They were like harder, crumbly sugar cookies minus the overt sweetness which was replaced with a light cocoa flavor or plenty of savory cinnamon notes.  Cookies in tow, we went to a lunch where was nothing of note aside from some typical Canarian food like mojo verde, but we saw a demonstration of the indigenous language of el silbo or “the whistle”.  The native Guanche people likely brought this language based on whistling as a way to communicate up to 4 miles/7 km away between the mountaintops of the islands (for an example, click here).  This language was on the brink of extinction until campaigns saved it, and it is now a mandatory class in schools on the island.  However, Spanish remains the dominant form of communication across the Canary Islands.  In this demonstration, the “speakers” were able to communicate phrases by mimicking the tonal patters of Spanish via whistling, and they were even able to locate hidden items in the room from our fellow diners and return them back to the original owners.  Following lunch, we continued to tour the island and went to an aloe farm in one of the valleys close to San Sebastian which was also next to a banana plantation, two of the Canary Islands’ main products.  We learned from our guide Alex that only true aloe very has yellow flowers growing out of it; aloe vera tends to turn purple when low on water; and it can be harvested via cutting and leaving the leaves to soak overnight.  I also tried unsweetened aloe water straight from the plant, and it tasted strangely musty yet acidic.  It’s not replacing lemonade as a cool Summer drink that’s for certain.

Alex shucking them aloe leaves!

Finally, we traveled back to the port of San Sebastian to see Iglesia de La Asuncion where Columbus prayed in 1492 before reaching the New World in addition to the customs house where Columbus lived during his time on La Gomera and the Torre de la Conde.It was part of the oldest military fort in the Canary Islands having been built in 1450.  Although only one turret is still standing, you could imagine how imposing it would be when fully standing even though it seems it was inhabited by tiny people upon closer inspection.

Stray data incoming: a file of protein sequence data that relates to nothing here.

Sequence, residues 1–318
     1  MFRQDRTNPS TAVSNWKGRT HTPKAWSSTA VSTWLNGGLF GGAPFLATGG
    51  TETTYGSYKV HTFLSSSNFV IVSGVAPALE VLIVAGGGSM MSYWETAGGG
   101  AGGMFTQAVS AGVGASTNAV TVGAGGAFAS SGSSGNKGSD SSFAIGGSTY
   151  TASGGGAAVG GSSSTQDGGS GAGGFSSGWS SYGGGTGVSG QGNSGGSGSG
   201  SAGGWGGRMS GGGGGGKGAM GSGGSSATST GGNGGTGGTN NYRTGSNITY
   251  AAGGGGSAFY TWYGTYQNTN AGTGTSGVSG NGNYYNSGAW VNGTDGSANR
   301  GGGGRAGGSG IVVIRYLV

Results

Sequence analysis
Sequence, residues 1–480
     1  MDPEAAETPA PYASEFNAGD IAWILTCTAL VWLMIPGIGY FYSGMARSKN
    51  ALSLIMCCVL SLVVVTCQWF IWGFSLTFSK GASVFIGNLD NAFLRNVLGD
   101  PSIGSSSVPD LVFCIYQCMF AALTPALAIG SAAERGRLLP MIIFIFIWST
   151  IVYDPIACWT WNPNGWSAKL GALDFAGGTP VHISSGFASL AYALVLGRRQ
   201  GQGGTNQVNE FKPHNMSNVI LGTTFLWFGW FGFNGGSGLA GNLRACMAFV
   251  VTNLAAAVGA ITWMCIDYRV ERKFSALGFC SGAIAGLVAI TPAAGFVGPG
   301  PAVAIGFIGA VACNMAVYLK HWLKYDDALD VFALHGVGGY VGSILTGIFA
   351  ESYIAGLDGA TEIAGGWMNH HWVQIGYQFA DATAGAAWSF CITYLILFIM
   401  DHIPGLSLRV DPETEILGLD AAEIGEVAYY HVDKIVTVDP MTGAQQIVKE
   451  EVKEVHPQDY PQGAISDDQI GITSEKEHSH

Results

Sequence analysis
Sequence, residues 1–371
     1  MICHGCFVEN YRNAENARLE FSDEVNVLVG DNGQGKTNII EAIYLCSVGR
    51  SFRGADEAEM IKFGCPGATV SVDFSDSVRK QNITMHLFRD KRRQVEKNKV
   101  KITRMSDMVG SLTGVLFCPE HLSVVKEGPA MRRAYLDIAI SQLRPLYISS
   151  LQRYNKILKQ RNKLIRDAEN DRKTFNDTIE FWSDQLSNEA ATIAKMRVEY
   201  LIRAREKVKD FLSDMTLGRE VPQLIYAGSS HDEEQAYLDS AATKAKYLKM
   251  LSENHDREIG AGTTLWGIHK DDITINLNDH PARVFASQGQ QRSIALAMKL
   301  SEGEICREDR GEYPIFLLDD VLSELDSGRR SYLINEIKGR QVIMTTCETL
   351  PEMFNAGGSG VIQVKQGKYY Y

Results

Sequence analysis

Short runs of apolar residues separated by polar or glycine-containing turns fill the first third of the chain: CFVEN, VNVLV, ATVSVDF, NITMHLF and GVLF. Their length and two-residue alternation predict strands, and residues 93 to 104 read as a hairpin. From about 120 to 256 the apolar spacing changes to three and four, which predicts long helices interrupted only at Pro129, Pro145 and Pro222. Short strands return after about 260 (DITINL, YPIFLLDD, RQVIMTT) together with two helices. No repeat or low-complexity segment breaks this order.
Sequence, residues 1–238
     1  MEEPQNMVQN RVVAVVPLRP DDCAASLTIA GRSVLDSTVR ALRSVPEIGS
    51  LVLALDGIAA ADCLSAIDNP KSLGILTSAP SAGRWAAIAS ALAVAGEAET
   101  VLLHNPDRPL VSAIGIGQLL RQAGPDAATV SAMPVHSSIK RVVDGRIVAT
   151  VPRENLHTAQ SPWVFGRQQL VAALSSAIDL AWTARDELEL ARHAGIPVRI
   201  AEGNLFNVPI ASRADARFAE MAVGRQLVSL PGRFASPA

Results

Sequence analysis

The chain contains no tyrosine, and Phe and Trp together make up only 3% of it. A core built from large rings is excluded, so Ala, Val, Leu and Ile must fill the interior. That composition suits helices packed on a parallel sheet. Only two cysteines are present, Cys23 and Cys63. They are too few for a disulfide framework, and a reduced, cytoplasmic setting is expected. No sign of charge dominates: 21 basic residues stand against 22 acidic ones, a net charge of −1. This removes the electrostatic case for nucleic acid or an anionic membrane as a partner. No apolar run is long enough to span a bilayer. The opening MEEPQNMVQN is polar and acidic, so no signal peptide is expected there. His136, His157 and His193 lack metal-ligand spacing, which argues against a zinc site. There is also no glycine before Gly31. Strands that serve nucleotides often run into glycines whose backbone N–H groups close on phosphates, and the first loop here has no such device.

Perfect sized door for her

We eventually made our way to the port, but we couldn’t help but admire the beautiful black sand beach and local aquatic fauna.  Thusly, we ended day three on la isla magica!

Advertisements

Come On Inn and Stay Awhile!

Posted on

Look who’s back.  Back again.  This foodie’s back.  Tell a friend.  That’s right, readers, it’s another chapter in the Mastication Monologue universe.  I’ve found a bit of spare time in the madness that is grad school leading up to graduation.  It’s less than a month, and I’m ready to start that next step in life as a bilingual clinical fellow in the Acero charter school system in Chicago!  However, future career moves aside, let’s talk about what makes this blog great:  delicious meals and delightful experiences.  Today’s restaurant reviews focuses on Lachet’s Inn at 2119 W Irving Park Road in the Irving Park neighborhood of Chicago.

Chicago has always been a center for immigrants from all corners of the globe.  In the 1800s, German and Irish waves made their way from the entry point of Ellis Island in New York west to the up and coming metropolis of Chicago.  In fact, so many German immigrants arrived in Chicago that from 1850-1900, they were the largest ethnic group in the city with a population peak in 1914.  While there are more individuals of German descent in the Chicago suburbs compared to the city now, there are still plenty of vestiges of their culture, including a plethora of bakeries, chocolate makers, and bier hauses serving traditional German meals and of course, ze beer!  Chicago has always been a big drinking town, and our love of beer was established with the arrival of German brewmasters.  Which brings us to the year 1971 when German businessman Karl Laschet bought a tavern on Lincoln Avenue in a German enclave of Chicago and named it Karl Laschet’s Inn.  It was run as a German tavern focusing only on steins rather than serving old world delicacies.  The ownership of the Inn changed in 1991 and food was brought in in 2000.  Although Lachet’s Inn’s food hasn’t been around as much as their brews, they all channel the spirit of the fatherland’s cuisine.  We were brought in by our friends Katilin and Dan who swore by the food and drinks, so we naturally had to take the plunge.